The Fourth Amendment well establishes that before a police officer can initiate a traffic stop, he or she must have reasonable suspicion that a crime has been committed or is about to be committed.
But in the case of Navarette v. California, the question is what obligation does a patrol officer have to corroborate anonymously provided information relating to reckless drivers. The U.S. Supreme Court has agreed to take on this issue, with oral arguments slated to for late next month.
The resulting decision is likely to have a great impact on whether Broward DUI defense lawyers will have additional grounds on which to challenge the evidence against our clients.
Per the fruit of the poisonous tree doctrine, any information or evidence obtained subsequent to an improper stop or search can’t be used against the defendant. If the court rules in favor of the defendant in the Navarette case, it will mean that in most cases, patrol officers won’t be able to rely solely on the accusations of anonymous callers to establish reasonable suspicion.
According to court records, this case unfolded back in 2008, when police dispatchers fielded an anonymous call indicating that a person driving recklessly had nearly driven him off the road. The caller supplied the make, model, plate number and color of the vehicle in question, as well as the timing and location of the incident as well as the alleged offender’s direction of travel.
Dispatchers notified patrol officers in the area. One officer quickly located the vehicle. He proceeded to follow that vehicle for a period of time, choosing not to immediately pull over the suspect in order to establish his own grounds for reasonable suspicion. However, by the officer’s own admission, the suspect driver committed no crime and exhibited no suspicious action that the officer observed. Still, he was pulled over anyway.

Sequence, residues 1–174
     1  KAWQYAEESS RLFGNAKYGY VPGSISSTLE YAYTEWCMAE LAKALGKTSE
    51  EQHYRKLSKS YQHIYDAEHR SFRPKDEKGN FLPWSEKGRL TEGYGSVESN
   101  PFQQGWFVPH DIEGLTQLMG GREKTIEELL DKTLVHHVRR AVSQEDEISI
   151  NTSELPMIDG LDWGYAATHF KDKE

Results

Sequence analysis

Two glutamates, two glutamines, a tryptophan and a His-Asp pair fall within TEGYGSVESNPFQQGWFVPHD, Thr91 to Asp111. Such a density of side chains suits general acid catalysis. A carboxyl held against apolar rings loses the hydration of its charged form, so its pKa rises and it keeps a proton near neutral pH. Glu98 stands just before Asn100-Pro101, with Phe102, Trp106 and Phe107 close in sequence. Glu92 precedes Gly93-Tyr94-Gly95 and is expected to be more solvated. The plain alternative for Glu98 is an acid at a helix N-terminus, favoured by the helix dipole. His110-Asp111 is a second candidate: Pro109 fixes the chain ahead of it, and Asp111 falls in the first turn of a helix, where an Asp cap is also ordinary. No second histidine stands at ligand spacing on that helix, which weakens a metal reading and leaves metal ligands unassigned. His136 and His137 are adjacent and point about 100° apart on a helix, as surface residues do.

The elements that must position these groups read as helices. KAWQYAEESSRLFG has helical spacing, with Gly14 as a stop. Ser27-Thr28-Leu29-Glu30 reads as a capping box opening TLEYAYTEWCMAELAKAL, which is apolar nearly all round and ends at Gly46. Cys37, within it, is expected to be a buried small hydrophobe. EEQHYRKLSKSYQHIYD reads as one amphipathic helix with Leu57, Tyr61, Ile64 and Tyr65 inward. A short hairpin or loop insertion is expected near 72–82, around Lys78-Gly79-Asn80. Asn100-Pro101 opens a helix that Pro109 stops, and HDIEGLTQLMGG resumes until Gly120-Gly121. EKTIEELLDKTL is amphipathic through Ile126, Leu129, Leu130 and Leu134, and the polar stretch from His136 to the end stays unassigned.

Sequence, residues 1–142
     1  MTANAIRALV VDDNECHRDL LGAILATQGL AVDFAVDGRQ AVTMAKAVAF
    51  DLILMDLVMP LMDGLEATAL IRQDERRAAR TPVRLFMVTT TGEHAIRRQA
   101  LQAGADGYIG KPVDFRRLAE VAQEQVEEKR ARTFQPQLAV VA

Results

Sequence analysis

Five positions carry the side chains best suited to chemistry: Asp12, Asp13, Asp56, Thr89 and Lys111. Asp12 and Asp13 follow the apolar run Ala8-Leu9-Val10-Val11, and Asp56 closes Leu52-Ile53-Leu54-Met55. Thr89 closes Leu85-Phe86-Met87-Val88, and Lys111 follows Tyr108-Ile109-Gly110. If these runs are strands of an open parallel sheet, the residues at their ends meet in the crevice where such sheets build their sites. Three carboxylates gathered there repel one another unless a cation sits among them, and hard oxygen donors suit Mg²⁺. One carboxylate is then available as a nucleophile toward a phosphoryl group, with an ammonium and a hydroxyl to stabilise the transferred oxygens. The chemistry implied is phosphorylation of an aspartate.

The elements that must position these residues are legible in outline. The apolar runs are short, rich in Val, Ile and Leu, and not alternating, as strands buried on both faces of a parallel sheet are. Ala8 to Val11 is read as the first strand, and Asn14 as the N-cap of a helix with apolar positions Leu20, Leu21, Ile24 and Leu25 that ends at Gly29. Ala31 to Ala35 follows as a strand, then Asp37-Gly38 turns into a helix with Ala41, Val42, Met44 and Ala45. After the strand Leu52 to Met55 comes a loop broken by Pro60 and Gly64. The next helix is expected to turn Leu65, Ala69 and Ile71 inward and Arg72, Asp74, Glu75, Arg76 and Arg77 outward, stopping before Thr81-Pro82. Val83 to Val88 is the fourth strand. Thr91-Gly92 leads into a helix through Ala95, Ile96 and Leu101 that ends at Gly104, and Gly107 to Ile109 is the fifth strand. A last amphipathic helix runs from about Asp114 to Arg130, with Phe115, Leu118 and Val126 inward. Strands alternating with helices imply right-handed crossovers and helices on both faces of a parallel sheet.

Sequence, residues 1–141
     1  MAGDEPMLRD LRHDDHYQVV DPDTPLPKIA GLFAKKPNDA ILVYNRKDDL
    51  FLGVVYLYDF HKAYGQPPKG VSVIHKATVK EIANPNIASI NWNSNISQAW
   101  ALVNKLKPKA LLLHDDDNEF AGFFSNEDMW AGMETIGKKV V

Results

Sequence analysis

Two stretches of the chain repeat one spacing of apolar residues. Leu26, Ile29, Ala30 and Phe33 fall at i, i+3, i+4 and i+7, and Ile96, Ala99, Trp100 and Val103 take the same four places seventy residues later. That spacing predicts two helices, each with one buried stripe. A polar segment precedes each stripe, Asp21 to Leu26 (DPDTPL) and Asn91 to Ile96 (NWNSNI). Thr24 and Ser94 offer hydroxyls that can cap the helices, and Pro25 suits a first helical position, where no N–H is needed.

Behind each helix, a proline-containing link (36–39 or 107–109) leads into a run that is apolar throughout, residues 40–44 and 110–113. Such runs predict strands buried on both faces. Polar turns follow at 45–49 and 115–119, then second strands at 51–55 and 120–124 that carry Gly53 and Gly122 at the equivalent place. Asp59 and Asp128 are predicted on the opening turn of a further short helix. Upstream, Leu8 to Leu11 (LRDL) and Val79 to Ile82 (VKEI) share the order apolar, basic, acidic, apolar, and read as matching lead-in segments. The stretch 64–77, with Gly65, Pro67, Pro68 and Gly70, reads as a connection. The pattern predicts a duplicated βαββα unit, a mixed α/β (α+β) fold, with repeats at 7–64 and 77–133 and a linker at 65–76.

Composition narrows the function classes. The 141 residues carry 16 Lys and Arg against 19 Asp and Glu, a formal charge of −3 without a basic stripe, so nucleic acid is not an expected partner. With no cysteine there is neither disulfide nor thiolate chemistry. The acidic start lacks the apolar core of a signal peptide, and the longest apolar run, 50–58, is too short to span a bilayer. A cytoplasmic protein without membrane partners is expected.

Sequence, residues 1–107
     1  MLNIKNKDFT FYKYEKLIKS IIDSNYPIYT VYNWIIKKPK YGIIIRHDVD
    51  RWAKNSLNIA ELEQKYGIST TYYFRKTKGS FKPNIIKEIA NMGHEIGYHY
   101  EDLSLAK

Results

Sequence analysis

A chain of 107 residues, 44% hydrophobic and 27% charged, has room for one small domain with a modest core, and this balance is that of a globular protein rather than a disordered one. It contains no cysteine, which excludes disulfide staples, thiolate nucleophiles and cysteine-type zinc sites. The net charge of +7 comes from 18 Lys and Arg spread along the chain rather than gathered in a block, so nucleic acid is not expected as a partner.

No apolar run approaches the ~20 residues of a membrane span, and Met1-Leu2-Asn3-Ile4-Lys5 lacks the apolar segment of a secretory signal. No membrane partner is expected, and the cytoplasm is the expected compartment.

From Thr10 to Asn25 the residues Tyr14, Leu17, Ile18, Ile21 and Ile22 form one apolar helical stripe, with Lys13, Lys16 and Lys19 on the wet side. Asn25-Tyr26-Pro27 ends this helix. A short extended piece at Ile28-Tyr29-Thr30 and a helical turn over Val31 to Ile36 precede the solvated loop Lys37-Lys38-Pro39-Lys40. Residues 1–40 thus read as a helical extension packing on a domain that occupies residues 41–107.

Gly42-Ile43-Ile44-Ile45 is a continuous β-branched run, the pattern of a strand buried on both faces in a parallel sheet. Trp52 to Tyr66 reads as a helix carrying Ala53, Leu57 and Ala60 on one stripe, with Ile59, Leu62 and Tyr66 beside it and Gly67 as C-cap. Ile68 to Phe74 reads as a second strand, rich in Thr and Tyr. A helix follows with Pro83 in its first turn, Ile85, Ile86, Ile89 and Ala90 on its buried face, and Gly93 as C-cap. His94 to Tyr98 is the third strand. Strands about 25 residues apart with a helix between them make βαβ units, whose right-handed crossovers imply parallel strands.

Upon stopping the vehicle, the officer noted the strong smell of marijuana. The vehicle was searched. A large quantity of the plant was discovered in the vehicle. Both the driver and the passenger were charged with trafficking in marijuana, and were subsequently convicted.
However, upon appeal, the men argued that the marijuana found in the vehicle should have been excluded from the evidence (thereby throwing the entire case) because the stop was a Fourth Amendment violation. The officer had established no reasonable suspicion. All he technically had to go on was that anonymous tip.
In the 2000 case of n Florida v. J.L., the U.S. Supreme Court held that reasonable suspicion required more than an anonymous tip that accurately identified a certain suspect, but failed to offer any substantiated accusation of wrongdoing.
However, the court did concede that there could be instances when an anonymous tip might suffice. The example provided was if the tipster alleged a certain person was carrying a bomb. The court theorized that in that case, police could probably lawfully stop the suspect solely on the basis of that call.
The J.L. case has been cited by numerous courts to justify allowing anonymous tipsters to provide the basis of a reckless or drunk driving stop on the basis that, similar to someone carrying a bomb, these individuals pose an imminent threat to those who share the road.
But what’s interesting in the Navarette case is that the officer did not immediately choose to pull over the driver. Presumably, if the reasoning in J.L. was relevant here, the officer would not have waited for any length of time, as the suspected threat posed by the driver was real and imminent.
So absent any apparent emergency, the officer’s lack of reasonable suspicion would appear ample grounds to challenge the evidence found in the ensuing stop.
If you’ve been arrested, call Fort Lauderdale Criminal Defense Attorney Richard Ansara at (954) 761-4011. The Ansara Law Firm serves Broward, Dade and Palm Beach counties.
Navarette v. California, U.S. Supreme Court, Argument Scheduled Jan. 21,2014
More Blog Entries:
Stalking Allegations on the Rise in Florida, Nov. 20, 2013, Broward Criminal Defense Lawyer Blog